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dc.contributor.authorWoodrow, Ross
dc.coverage.spatialGallery 25, Edith Cowan University, Mount Lawley Campus, Perth, Western Australia
dc.date.accessioned2020-10-07T03:52:03Z
dc.date.available2020-10-07T03:52:03Z
dc.date.issued2019
dc.identifier.urihttp://hdl.handle.net/10072/398161
dc.description.abstractBackground The physiognomic heuristics of reading faces has always been regarded as a major form of non-verbal communication, demonstrated today by the 24 billion selfies uploaded to Google in 2018. Since recorded antiquity, and across cultures, the impulse to find meaning behind the external appearance of humans has included comparisons with other animals. The Pseudo-Aristotelian Physiognomonica (c. 300 BC) and Polemon’s Physiognomy in both its Graeco-Roman derivatives and Graeco-Arabic versions in Medieval Islam develop theories of physiognomy based on similarity to animals. Contribution The exhibition features 95 etchings, (average size 45 x 20 cm.) all printed on continuous sheets from rolls of Velin Arches, that ringed the circumference of the Gallery. The majority of the etching/aquatints consisted of human/animal comparisons adapted from in a range of physiognomy and drawing manuals from sixteenth century to today. Significance The exhibition demonstrated that, what Gombrich described as physiognomic perception, is not only of vital importance for portrait artists but is also the foundation of the differentiation between humans and other animals that established the idea of race. More significantly, the exhibition acts as a metaphor for the idea developed particularly in the Islamic physiognomic traditions that each human was a microcosm of the animal world epitomizing infinitely varying degrees of the characteristics found across all living creatures.en_US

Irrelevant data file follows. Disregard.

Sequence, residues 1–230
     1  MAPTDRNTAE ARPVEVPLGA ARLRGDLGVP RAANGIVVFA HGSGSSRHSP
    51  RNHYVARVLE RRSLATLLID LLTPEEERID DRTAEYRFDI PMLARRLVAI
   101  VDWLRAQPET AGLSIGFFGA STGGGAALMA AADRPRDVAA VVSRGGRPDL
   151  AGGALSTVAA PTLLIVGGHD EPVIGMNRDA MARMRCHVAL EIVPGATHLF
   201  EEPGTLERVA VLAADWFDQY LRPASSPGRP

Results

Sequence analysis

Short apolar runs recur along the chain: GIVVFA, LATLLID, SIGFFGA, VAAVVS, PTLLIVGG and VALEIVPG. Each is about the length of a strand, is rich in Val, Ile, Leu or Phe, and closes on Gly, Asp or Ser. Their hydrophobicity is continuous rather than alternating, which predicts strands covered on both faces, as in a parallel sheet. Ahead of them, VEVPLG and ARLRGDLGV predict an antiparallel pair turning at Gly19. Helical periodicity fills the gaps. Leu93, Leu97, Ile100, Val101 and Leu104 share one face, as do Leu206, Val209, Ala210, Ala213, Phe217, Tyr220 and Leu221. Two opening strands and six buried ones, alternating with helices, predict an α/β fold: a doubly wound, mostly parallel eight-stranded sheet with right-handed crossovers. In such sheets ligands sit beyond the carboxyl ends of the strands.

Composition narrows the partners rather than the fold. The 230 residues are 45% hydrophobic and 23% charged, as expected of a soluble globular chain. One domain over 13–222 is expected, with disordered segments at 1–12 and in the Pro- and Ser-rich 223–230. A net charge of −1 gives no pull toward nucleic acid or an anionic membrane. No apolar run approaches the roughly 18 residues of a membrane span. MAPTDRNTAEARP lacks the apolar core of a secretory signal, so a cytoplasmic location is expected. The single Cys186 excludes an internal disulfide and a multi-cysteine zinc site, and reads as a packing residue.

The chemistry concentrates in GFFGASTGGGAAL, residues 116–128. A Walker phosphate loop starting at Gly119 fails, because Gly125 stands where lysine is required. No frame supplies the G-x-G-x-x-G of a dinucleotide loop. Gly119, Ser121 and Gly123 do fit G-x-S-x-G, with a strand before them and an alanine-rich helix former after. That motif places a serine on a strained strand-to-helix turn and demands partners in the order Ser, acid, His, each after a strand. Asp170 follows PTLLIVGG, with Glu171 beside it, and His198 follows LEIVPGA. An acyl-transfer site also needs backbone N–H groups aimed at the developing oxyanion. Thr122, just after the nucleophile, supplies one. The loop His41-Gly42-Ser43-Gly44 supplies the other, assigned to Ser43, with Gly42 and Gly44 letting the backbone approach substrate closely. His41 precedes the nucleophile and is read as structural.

dc.format.mediumEtching and aquatint on continuous sheets of Vellin Archesen_US
dc.publisherEdith Cowan Universityen_US
dc.publisher.placePerth, Western Australiaen_US
dc.publisher.urihttps://www.rosswoodrow.com/zoomorphismen_US
dc.relation.ispartofdatefrom2019-04-04
dc.relation.ispartofdateto2019-05-16
dc.relation.ispartoflocationPerth, Western Australiaen_US
dc.subject.fieldofresearchVisual Arts and Craftsen_US
dc.subject.fieldofresearchcode1905en_US
dc.titleDrawing Physiognomy: The Complete Zoomorphic Archiveen_US
dc.typeCreative worken_US
dc.type.descriptionQ1_1 Visual Art (Major Research)en_US
dcterms.bibliographicCitationWoodrow, R, Drawing Physiognomy: The Complete Zoomorphic Archive, 2019en_US
dc.date.updated2020-10-07T03:39:55Z
gro.description.notepublicSolo Exhibitionen_US
gro.hasfulltextNo Full Text
gro.griffith.authorWoodrow, Ross D.


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